Maghreb Voices – The Travelling Desert Blues Show, Part II

Maghreb Voices – The Travelling Desert Blues Show, Part II

?The blues is at the root of all the music I grew up loving . . . At the root of the blues is Africa, and at the root of the African root of the blues is Mali.?

Markus James

(Read Part I of this series here.)

It would be easy to hypothesize that the Saharan musicians learned blues from listening to American recordings, but there’s little evidence to support that, and ample evidence that the ancient music of the Saharan tribes sounded similar to sub-genres of American blues without being at all imitative. Yes, Tinariwen listened to Santana, Jimi Hendrix, Led Zeppelin, Bob Marley, Dire Straits, and others, but so did I?for years?soaking up the blues clues without ever actually encountering bona fide country blues until I went out of my way to seek it out.

There is much commonality between the musical aspects of both Saharan and hill country blues. One example is the combination of instruments?flute plus stringed instrument plus drum?which are seen in the early Mississippi fife and drum bands of the turn of the 19th and 20th centuries.

The assouf guitar style, like blues guitar, also proceeded naturally from acoustic to electric guitar, which emphasized certain elements in the music which had tended to lie dormant under acoustic strings but which became clearly manifest with amplification. Particularly noteworthy was the intensity engendered by the hammer runs and dissonant chords. There is a vocal call and response running through the blues traditions (made more manifest in gospel music) which is salient in the desert music as well (listen to an example here).

Another common feature of American blues and desert blues is their profound cultural influence within their own regions. It’s impossible to imagine 20th-century American pop music without blues. Blues was essentially its keystone. The influence of blues was enormous, even among people who never listened to true blues: it spawned or affected the development of jazz, ragtime, gospel, barrelhouse, honky-tonk, bluegrass, cabaret, rock and roll, rhythm and blues, soul, hip hop, and many other genres.

Similarly, it is hard to imagine North African popular music of the 20th century without the fertilizing influence of Saharan music. There is an ongoing circle of influence in the North African countries that connects the music of the Saharan Tuareg and Wodaabe tribes to the development of Gnawa, rai, chaabi, Andalusian music, African reggae, the music of radical Kabyle Berbers, Ahwach, and many of the other, numerous genres of each region, many native to specific villages.

Yes, many of these North African musical genres have also been heavily influenced by international genres, but so was early blues, whose tones were altered in response to the music of bagpipes and Hawaiian guitar and the simple beats and modal chants and ululations of traditional Native American music.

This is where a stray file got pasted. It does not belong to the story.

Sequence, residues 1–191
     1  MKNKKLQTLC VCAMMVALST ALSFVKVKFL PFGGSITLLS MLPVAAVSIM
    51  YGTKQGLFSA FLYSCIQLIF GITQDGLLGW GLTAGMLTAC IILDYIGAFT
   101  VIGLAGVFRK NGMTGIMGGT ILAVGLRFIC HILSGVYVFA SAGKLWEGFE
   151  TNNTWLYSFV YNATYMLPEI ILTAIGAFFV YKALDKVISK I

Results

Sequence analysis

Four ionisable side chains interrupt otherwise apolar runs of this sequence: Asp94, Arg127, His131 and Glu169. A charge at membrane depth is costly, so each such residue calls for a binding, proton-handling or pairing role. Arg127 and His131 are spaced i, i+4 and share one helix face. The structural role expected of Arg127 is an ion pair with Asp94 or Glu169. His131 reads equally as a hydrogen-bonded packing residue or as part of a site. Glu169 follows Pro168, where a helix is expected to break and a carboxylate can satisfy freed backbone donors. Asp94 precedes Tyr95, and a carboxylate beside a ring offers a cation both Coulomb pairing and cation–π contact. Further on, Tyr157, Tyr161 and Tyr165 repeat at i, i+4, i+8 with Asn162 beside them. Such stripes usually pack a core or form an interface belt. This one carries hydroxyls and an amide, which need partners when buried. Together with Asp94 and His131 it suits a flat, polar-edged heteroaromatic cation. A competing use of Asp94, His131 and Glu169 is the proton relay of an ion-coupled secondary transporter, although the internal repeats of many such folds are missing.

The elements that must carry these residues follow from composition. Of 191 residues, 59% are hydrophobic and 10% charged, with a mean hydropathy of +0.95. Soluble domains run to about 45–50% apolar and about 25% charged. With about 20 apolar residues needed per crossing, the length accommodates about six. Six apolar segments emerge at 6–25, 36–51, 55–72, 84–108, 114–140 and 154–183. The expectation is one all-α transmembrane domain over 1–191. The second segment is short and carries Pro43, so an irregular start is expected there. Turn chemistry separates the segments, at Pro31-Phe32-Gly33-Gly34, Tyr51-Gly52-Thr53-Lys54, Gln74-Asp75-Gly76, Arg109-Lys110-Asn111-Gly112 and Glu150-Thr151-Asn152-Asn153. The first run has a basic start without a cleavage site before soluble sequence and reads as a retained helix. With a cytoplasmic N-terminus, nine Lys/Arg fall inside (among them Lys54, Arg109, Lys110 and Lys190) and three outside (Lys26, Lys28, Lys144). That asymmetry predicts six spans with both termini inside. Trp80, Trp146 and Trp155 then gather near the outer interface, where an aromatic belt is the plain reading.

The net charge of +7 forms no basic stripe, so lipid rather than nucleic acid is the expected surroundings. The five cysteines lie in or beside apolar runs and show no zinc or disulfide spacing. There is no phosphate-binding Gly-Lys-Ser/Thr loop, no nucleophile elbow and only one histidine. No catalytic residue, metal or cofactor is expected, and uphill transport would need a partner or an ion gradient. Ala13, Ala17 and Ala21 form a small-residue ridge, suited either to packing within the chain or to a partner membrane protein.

What uniquely parallel set of conditions created these two uniquely parallel musical forms? Of course many of the slaves who were forced to come to America were descended from these desert tribes. For those who believe in karma, it appears that it was simply the fate of these slaves to live out their traditional destinies in another country.

Morever, both in America and in the Sahara regions, the musicians were deeply shaken by cultural genocide, poverty, diaspora, political repression, and brutality.

As a child, Tinariwen’s founder, Ibrahim Ag Elabib, threw together homemade instruments, as had children in the Deep South. And he witnessed his father’s execution, just as many children in the American South witnessed the lynchings of their fathers. Like the blues musicians, the Tuareg and Wodaabe tribes lived under repressive governments and social mores.

Saharan musicians tended to form loose collectives instead of bands, much like the northern Mississippi blues musicians, who tended to centre musical alliances around juke joints. The religious similarities include an intense spirituality that is more animist than monotheistic and a preoccupation with trance states and the world of spirits.

The blues aesthetic is one that embraces strangeness, tragedy, alienation, despair, rejection, violence, and raw sexual desire. The Saharan musical aesthetic is remarkably similar, suggesting an image of the musician as a marginalized forerunner of social change.

There’s also the Jungian metaphorical similarity. Blues musicians had a traditional legend about meeting a dark man at a crossroads, a man who in exchange for your soul would teach you how to play guitar like a wizard. There is something profoundly meaningful in this notion of a crossroads?a place between two or more worlds, carnal and spiritual, white and black, northern and southern, government and grassroots, freedom and authority, Arab and Berber. It is of is of particularly deep significance to Saharan musical traditions, which have long developed in response to the mix of cultures that for years has been throwing sparks at the juncture between the Arab North and sub-Saharan South.

Back to my sound quest. Last year I reviewed a book called The No-Nonsense Guide to World Music. There was a passage in the book that described the music that was played in the square in the middle of Casablanca. This passage set me on a North African sound quest, which is now knee-deep into Saharan music. But even then I had the suspicion, nay, certainty, that political and aesthetic rejuvenation would enter the world by the portal of North Africa and that the implications of blues in the West for art and politics would be echoed and amplified by the desert blues in the Middle East.

The YouTube videos being traded around on Facebook just before the Jasmine Revolution in Tunisia are a case in point.

(To be continued . . .)